Wednesday, March 23, 2011

The Demanding Effects of Stress

Our bodies respond to stimuli, whether they are bad or good. Everyone experiences stress at some time in life. Positive stress is effective in helping us to perform at high levels of expectations. Some children do well in examinations, because the anxiety and emotional overtones challenge them to pay attention to details. Public speakers are aware of the critics who seem to challenge every word and interpretation of information shared. Television personalities are under the watchful eyes of those who think that they are the experts in dress, voice tones, gestures and articulations.

Amidst this awareness, they still perform at their superlative levels. They seem to understand that the mirror of the community cannot shape them, for they have their individual personalities, judgments and choices. Negative stress has some damaging effects on the body, therefore, attention must be given to the stressors in our lives. The following are some of the effects that stress can have on our bodies — muscle tension, blood clots, skin irritation, insomnia, high levels of anxiety, high blood pressure, headaches, fatigue, body pain, indigestion, stomach ulcers, depression, asthma attacks, loss of energy, failure to work productively, problems in relationships because of bad attitudes, low tolerance and uncontrolled anger.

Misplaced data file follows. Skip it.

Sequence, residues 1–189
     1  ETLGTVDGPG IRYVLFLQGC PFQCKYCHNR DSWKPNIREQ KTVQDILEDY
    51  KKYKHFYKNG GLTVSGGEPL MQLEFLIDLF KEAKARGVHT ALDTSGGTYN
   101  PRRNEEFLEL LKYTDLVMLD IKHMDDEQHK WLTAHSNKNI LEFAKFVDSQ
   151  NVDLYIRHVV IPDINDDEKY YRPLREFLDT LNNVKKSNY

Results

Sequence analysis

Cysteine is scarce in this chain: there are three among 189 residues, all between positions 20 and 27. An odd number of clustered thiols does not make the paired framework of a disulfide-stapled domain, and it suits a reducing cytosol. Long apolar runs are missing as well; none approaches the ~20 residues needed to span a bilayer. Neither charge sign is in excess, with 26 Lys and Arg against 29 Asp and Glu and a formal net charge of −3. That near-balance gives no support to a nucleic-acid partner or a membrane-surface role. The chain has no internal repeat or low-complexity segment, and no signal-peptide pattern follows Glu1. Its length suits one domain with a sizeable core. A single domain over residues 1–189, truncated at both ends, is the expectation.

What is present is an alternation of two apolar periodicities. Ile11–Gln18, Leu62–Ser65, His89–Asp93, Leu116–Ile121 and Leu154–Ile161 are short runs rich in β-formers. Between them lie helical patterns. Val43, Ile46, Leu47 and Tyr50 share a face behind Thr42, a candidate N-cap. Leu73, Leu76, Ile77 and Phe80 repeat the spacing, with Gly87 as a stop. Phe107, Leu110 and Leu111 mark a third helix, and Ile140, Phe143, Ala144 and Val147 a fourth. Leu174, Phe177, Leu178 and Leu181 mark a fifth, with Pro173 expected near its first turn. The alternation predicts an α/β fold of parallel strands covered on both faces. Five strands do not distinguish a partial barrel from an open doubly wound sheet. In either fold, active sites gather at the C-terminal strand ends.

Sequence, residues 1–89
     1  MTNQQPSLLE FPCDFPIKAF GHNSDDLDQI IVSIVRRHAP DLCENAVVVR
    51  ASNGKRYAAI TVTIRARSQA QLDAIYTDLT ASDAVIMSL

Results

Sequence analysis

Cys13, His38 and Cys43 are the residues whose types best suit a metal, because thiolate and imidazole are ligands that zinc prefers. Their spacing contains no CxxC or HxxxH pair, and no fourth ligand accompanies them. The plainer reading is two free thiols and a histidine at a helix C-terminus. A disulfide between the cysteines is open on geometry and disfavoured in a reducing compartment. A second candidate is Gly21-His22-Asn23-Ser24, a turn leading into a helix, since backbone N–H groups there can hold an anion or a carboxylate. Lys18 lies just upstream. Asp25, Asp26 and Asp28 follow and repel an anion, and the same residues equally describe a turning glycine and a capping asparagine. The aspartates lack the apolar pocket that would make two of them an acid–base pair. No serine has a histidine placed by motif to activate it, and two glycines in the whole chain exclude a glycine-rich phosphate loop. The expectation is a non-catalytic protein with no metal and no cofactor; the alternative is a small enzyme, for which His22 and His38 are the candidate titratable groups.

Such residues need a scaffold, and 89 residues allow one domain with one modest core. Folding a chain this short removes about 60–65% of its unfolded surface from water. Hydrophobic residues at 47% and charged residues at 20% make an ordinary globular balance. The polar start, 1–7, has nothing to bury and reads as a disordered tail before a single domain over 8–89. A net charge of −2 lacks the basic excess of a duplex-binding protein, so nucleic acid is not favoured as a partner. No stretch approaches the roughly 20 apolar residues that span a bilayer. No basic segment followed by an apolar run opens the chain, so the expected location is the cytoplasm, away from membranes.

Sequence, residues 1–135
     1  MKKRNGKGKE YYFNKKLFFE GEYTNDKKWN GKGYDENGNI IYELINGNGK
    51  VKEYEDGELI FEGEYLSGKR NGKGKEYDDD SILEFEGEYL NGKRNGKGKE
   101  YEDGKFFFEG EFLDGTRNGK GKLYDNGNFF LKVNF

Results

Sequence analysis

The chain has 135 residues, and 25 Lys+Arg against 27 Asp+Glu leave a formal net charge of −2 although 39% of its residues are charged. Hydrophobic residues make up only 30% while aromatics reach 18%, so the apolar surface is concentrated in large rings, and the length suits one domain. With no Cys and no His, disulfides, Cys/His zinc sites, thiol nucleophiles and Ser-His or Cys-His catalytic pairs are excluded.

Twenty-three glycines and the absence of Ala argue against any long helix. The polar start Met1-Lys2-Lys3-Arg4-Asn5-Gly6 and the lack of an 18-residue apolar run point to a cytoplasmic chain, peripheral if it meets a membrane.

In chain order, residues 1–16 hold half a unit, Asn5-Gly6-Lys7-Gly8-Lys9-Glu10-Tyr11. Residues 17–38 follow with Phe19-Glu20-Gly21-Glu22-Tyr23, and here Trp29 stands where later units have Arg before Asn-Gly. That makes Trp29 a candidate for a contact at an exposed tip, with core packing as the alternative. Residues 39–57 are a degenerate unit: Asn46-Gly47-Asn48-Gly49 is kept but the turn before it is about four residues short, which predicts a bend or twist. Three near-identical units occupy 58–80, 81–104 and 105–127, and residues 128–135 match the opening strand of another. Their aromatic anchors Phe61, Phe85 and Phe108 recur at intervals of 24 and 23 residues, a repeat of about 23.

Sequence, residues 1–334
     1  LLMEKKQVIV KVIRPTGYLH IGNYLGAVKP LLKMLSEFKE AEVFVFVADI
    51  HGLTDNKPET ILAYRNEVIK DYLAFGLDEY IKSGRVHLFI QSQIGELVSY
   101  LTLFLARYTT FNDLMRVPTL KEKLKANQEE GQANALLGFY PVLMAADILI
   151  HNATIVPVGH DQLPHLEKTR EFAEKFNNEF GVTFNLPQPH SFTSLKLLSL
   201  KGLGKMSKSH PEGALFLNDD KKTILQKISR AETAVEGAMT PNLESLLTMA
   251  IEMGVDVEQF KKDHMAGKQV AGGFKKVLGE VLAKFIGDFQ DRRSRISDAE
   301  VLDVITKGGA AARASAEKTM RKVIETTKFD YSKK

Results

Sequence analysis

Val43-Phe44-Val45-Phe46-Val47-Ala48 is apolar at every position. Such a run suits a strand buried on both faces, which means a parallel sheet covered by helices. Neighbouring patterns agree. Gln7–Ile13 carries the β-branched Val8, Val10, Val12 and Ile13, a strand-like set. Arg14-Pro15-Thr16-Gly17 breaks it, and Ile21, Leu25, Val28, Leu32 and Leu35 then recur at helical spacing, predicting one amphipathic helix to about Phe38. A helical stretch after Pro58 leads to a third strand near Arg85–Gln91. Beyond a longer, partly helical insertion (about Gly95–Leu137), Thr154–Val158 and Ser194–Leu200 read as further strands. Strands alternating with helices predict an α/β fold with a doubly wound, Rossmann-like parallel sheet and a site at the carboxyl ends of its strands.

After a death or loss, most persons experience emotions of guilt, rage, fear, helplessness, loneliness, panic, dismay, anguish, despair, resentment, disappointment, yearning, anxiety, apathy, regret, feelings of abandonment, sorrow, vindictiveness, pain, inadequacy, denial and distrust. These are the tasks that a person in grief must work out in order to aid in the recovery process. It will be challenging, but you must use your own skills and temperament to recover in order to move on with your life. You must accept the reality of your loss through death or other disappointments. Talk about it until you reach a level of acceptance. As you experience the stress that comes from pain and grief, seek professional help that will help you to develop coping skills that will hinder you from damaging your health.

You will not be able to push all the pain and grief away if you internalize them and pretend that you are doing well. To pretend that you are strong enough to deal with the hurt will often cause your emotions to fester which in turn will affect your entire life. Learn to adjust to the environment in which your loved one is missing. Remember the pleasant things that you enjoyed doing together. Go to the places where you spent time together.

As you encounter each aspect of your life without the person, you have to learn new skills for living without the deceased. You cannot withdraw from the world and all your former relationships. If you have lost property, status or transfers, you have to take responsibility for your life and find alternatives, knowing that you have to function and survive.